Bird Box

Something has invaded Earth and to simply gaze upon one of these marauding creatures makes the viewer instantly insane and suicidal. Malorie (Sandra Bullock) and two children, to avoid the fate of others, must blindfold themselves and seek sanctuary down river “where you hear the birds” in “Bird Box.”

Laura's Review: C+

A blindfolded woman leads two blindfolded children down an embankment towards a boat. Malorie (Sandra Bullock) tells the children that they are about to take a trip that 'will feel like it's going on forever,' that they 'must stay alert,' and that they must 'never remove your blindfolds or I will hurt you. If you see, you die.' They board the boat with supplies and a small box containing live birds. Five years earlier we will see just what has befallen civilization and why Malorie is taking such care of her "Bird Box." Danish director Susanne Bier ("After the Wedding") sets the stage for quite the conceptual thriller, dramatizing an apocalyptic event with such mounting horror Stephen King might grow green with envy. But it is that 'conceptual' part that eventually undoes the film, screenwriter Eric Heisserer's ("Arrival") adaptation of Josh Malerman's novel reading too much like an allegory of Trump resistors and supporters. The film, so effective in its first half and featuring a touching performance from "Patti Cake$'s" Danielle Macdonald, gradually unravels, one ludicrous cliche impossible to take seriously, a pulled punch of a "Sophie's Choice" dilemma a groaner, the ending both implausible and syrupy. Bier crosscuts between the current, river-set timeline ('6 hours on the river,' etc.) and the unfolding of events which set its stage. Five years earlier, Malorie was a heavily pregnant artist, a bit of a loner concerned about her aptitude for motherhood. She gets a lot of support from her sister Jessica (Sarah Paulson) who arrives on the calamitous day to take Malorie for her checkup. They hear ominous news from Europe, where an inexplicable suicide epidemic seems to have taken hold, but by the time Malorie leaves her doctor's office with all good news, the mass madness is on her doorstep, a female patient smashing her head into a glass wall. The streets are utter chaos, then Jessica succumbs while driving. Malorie manages to climb out of the vehicle and is saved by a brave woman who leaves her house despite her husband's calls to stop. She is taken too. That husband, Douglas (John Malkovich), is resentful of the woman who cost his wife her life, but he's not the only personality Malorie will now have to deal with, the Arts and Crafts home owned by generous Greg (BD Wong) now a refuge for a disparate group. There is the cautious Cheryl (Jacki Weaver), the younger Lucy (Rosa Salazar) who quickly hooks up with Felix (Machine Gun Kelly) for some 'end of the world' hedonism, the sweet grocery store manager Charlie (Lil Rel Howery) and another pregnant woman, the naive Olympia (Danielle Macdonald). There is also the quietly brave and sensitive Tom (Trevante Rhodes) who the usually closed off Malorie finds herself opening up to. They quickly realize that whatever is out there infects people by merely seeing it, but although they adapt to their circumstances, the group is depleted one by one. A new twist to the story arrives with Gary (Tom Hollander), a stranger let into the home by the soft-hearted Olympia, but one whose eyes signal trouble to us. There is another reaction to the thing that has devastated the world, those who are not only happy to see it and survive, but who are hell bent on opening everyone else's eyes. As the past catches up to that harrowing river expedition, we learn how Malorie ended up alone, shepherding Boy (Julian Edwards) and Girl (Vivien Lyra Blair), but her personal journey's been tripped up so often with dubious filmmaking choices, there is no satisfaction in her accomplishment. Grade:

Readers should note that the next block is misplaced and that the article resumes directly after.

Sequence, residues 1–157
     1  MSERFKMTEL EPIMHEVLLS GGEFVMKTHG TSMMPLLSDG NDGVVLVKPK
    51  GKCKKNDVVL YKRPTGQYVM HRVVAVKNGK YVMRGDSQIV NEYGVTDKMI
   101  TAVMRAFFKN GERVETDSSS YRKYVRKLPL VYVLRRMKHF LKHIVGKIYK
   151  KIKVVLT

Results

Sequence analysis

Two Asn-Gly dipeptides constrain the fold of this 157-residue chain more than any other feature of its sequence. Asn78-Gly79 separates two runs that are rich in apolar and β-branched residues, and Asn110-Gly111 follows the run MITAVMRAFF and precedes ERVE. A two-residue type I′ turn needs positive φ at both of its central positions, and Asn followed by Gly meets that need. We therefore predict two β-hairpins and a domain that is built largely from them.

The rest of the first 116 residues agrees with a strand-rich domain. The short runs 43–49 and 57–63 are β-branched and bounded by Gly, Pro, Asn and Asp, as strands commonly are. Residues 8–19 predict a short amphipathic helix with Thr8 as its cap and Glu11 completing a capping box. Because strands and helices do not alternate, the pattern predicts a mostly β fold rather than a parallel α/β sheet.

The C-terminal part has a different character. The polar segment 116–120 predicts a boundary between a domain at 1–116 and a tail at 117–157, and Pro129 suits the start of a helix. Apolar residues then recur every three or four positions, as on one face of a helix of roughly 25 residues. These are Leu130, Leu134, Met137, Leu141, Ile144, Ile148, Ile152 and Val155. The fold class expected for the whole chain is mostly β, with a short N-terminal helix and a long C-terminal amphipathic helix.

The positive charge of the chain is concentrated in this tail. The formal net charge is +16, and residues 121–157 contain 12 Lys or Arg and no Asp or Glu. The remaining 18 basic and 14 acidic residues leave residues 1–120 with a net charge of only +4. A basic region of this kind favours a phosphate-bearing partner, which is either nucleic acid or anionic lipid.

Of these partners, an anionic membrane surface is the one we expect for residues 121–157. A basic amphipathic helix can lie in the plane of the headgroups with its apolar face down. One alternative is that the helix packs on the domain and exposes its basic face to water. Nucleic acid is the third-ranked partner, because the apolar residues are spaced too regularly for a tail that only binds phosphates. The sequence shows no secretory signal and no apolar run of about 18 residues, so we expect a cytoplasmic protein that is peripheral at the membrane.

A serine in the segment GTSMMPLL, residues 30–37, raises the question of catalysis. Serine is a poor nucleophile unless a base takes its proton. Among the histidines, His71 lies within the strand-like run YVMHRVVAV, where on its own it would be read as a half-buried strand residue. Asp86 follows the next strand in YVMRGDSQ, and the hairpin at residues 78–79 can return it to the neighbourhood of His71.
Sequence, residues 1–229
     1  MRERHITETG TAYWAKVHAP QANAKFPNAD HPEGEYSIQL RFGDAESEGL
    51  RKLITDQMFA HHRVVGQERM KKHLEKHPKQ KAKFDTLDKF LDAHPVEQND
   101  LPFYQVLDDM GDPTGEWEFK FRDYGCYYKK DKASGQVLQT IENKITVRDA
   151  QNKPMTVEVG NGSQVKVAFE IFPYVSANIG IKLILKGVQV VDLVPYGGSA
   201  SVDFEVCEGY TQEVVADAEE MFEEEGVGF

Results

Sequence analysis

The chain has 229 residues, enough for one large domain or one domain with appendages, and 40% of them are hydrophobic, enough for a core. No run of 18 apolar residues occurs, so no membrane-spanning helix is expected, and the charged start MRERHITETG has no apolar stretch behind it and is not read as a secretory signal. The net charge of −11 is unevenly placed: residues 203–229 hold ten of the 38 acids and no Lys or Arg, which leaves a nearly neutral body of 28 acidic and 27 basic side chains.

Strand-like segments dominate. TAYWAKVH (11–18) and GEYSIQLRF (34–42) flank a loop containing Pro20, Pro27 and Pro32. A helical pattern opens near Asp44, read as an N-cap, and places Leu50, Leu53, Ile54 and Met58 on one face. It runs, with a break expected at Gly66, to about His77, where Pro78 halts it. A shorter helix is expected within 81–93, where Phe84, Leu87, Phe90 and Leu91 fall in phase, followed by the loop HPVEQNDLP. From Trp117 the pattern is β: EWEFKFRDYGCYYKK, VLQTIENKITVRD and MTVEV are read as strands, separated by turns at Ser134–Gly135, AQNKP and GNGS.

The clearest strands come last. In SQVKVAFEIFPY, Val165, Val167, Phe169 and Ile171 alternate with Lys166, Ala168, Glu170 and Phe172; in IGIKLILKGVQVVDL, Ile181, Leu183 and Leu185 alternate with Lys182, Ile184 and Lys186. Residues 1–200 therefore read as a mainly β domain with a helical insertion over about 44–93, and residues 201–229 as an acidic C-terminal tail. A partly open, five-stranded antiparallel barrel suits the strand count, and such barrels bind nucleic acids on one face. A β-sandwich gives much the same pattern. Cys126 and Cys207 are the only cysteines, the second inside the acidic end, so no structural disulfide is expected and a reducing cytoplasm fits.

Robin's Review: B

Earlier this year, John Krasinski made his directing debut with his near silent “A Quiet Place,” where alien predators hunt by sound. Director Susanne Bier and screenwriter Eric Heisserer, adapting the novel by Josh Malerman, also use one of the five senses (or, lack thereof) to build a suspense/horror/monster movie that kept me interested and involved to its hopeful ending. The story flashes back and forth between now and then - Malorie’s present day as she struggles to survive, without use of sight, with her two young wards - dubbed, simply, “boy” and “girl” (Julian Edwards and Viviene Lyra Blair) - and the time when the world went mad, putting her in her current predicament. At first, I thought the blind idea of the story would be a tough one to pull off and maintain for two hours. The filmmakers, both cast and crew, pay attention to the details of traversing a wilderness while blindfolded and use the inherent feeling of claustrophobia to involve me, the viewer, in Malorie’s fight for survival. The combination of good acting, by Sandra Bullock, and plausible plot lines – be kind, it is a suspense/horror/monster movie - and good background characters (not stick figures) makes “Bird Box” better than it ought to be.